We don’t have to be zoned out or starve to pack up with useless calories though. Many of us know the urge of rewarding ourselves after a heavy workout session, but few of us really acknowledge it under other circumstances.

Apparently, if we feel like we did something good for our health, such as exercising, eating healthy food or just simply buying some healthy stuff, we like patting ourselves on the back which can materialize into some tasty bites. Many grocery stores, that place their fresh produce right at entrance of the shop, know this too. Once we pack up on some presumably healthy stuff, like vegetables and fruits, we’ll more likely to throw in a bit of less healthy but tasty snack later on.

  1. Perspective

Our view of ourselves is heavily influenced by the world or more precisely the people around us. We tend to gravitate towards people that are similar to us and reject those who differ from us. It’s a basic survival instinct that was developed during thousands of years and helps people form communities and survive in the wilderness.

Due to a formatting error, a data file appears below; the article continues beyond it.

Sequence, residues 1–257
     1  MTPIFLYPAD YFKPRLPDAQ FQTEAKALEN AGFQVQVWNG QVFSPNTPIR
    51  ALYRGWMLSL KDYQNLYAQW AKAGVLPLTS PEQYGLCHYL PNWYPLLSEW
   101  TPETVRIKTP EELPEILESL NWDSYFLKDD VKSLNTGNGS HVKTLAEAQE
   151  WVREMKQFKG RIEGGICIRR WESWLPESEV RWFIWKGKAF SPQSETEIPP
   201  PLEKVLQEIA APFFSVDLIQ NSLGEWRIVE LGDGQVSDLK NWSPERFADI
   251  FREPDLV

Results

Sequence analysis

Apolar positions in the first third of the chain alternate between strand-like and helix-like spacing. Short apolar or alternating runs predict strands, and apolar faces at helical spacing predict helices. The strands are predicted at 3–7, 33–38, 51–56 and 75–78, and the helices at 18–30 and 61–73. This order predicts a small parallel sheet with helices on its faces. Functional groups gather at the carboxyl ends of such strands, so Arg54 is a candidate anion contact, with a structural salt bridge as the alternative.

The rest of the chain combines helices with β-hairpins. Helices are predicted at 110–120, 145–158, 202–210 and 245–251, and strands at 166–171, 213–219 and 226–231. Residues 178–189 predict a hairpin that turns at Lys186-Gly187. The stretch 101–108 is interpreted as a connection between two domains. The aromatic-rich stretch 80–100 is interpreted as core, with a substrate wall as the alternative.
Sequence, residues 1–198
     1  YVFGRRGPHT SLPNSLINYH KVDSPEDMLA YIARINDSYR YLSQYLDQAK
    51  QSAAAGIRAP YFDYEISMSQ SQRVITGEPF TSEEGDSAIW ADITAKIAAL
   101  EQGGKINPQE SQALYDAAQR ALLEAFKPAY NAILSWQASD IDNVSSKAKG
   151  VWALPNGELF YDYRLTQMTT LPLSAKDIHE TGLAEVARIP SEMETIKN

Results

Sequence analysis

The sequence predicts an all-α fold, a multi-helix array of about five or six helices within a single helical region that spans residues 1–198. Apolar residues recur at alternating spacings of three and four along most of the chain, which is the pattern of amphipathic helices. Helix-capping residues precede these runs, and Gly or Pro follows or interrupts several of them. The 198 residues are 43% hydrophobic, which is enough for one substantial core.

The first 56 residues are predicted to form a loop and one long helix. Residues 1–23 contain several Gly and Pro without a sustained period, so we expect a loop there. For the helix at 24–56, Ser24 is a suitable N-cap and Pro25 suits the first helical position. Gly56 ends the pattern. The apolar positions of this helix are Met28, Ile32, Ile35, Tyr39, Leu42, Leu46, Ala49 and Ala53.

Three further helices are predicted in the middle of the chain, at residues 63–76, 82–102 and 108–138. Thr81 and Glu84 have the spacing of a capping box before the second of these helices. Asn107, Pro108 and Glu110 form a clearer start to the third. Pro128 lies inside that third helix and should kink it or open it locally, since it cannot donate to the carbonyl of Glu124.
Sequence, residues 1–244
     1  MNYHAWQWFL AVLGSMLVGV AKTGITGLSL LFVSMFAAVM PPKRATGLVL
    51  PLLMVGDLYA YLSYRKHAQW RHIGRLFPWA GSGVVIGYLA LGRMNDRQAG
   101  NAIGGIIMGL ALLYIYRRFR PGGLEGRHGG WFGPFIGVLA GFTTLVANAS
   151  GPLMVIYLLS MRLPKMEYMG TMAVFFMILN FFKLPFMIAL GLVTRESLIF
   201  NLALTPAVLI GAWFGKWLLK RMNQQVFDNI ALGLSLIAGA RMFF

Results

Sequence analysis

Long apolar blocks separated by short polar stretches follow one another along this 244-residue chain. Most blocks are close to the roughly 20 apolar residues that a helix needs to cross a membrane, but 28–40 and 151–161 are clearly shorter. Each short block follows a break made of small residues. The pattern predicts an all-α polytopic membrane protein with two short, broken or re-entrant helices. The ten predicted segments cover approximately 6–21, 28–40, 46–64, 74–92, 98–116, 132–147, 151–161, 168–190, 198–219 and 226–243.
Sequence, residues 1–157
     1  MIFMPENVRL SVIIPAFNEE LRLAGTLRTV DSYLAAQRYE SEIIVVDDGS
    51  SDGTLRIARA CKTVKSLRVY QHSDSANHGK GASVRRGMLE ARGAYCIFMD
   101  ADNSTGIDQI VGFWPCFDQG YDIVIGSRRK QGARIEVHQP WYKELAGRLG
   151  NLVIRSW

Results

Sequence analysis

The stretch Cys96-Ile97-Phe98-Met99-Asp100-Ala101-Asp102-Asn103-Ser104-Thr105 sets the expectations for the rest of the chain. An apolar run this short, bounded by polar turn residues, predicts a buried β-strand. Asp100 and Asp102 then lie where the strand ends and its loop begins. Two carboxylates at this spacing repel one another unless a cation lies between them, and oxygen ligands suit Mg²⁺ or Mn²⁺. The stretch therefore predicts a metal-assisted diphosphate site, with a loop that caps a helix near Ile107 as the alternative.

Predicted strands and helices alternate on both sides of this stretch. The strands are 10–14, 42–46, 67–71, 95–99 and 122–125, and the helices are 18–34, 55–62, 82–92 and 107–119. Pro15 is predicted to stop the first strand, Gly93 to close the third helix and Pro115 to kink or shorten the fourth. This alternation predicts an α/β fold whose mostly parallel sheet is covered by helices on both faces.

It’s hardwired into our unconscious mind to belong somewhere and comply with people’s expectations around us because for thousands of years being rejected from a tribe meant certain death.

The same behavior that created tribes still works today and we use them every time we have to deal with a group of people, like at school, a workplace or at parties. If we want to belong, we have to copy the customs, dress code and speak the lingo or face rejection.

So if we want to be like the cool kids, investment bankers or whatever else, we have to look like them, do like them and sound like them.

Our real problem now doesn’t lie getting into a group, faking it till making it, but rather getting out of it.

If we were born into a family where the members are overweight, exercise, regularly drink, eat healthy, smoke, binge watch series or travel, we’ll more likely to see such behavior as normal. Since people are looking for friendship among people who are similar to them, a family most likely to have similar friends further establishing the normality of such behavior, essentially creates a tribe. Which could be good if we happen to have a healthy eating, exercising and outgoing family.

If we happen to be born into an overweight family which members smoke and drink though, with overweight friends who do the same, we’ll subconsciously pick up environmental clues that suggest, being overweight, drinking and smoking is the norm.